The modern woman is caught in the crossfires of a battle between radical feminism and the norms of Western society.
Radical feminism, once relegated to the dusty halls of academia, has trickled down into the masses, profoundly influencing a generation of women and men. This ideology is centered primarily on the idea that the Western patriarchy is a system designed to oppress and control women, particularly in the sexual realm.
It has given rise to #MeToo and the Women’s March, which focused heavily on giving voice and power to victims of sexual assault and abuse. The repetition of horrific stories is utilized as proof of our fundamentally male-dominated and tyrannical society. This is an oversimplified interpretation of vastly complex systems and “solutions” that seem to stem from resentment and unresolved wounds.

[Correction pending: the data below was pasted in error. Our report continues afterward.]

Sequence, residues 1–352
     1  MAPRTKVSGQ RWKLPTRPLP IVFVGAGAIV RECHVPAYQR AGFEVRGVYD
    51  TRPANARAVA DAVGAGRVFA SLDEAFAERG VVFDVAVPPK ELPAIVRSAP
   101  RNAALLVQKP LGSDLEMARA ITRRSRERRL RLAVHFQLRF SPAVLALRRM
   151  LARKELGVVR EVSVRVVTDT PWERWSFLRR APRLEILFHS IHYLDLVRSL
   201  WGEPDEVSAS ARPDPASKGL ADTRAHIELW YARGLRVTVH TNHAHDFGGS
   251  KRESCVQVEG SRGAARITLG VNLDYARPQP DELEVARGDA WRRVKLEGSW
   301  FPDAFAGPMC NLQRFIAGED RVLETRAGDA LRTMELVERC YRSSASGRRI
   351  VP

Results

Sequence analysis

Feminism presents itself as a guiding hand to lead women from oppression into liberation and healing. Ironically, it’s a rigid and dogmatic ideology. Dissent is considered a confirmation of internalized misogyny, and women who reject it are labeled traitors. In fact, feminism is a deeply manipulative ideology. It constantly reminds a woman of her trauma and suffering to compel her into conformity. It elevates victimhood as a woman’s truest station and places her as a hapless martyr of her own heritage.
Yet, as a victim of rape, sexual assault, and abuse, I didn’t think the price of embracing this was worth what was offered. Instead, I turned to my heritage and found in it a source of guidance to overcome suffering wrought by trauma and to rebuild a meaningful and full life.
My Story of Abduction, Assault, Rape, and Abuse
I’m a student of the classical liberal arts. I have a deep love of our tradition, from men like Aristotle and Plato, to more modern intellectuals like Roger Scruton and Jordan Peterson. In other words, I am, to many feminists, a student of staunch gatekeepers of the patriarchy.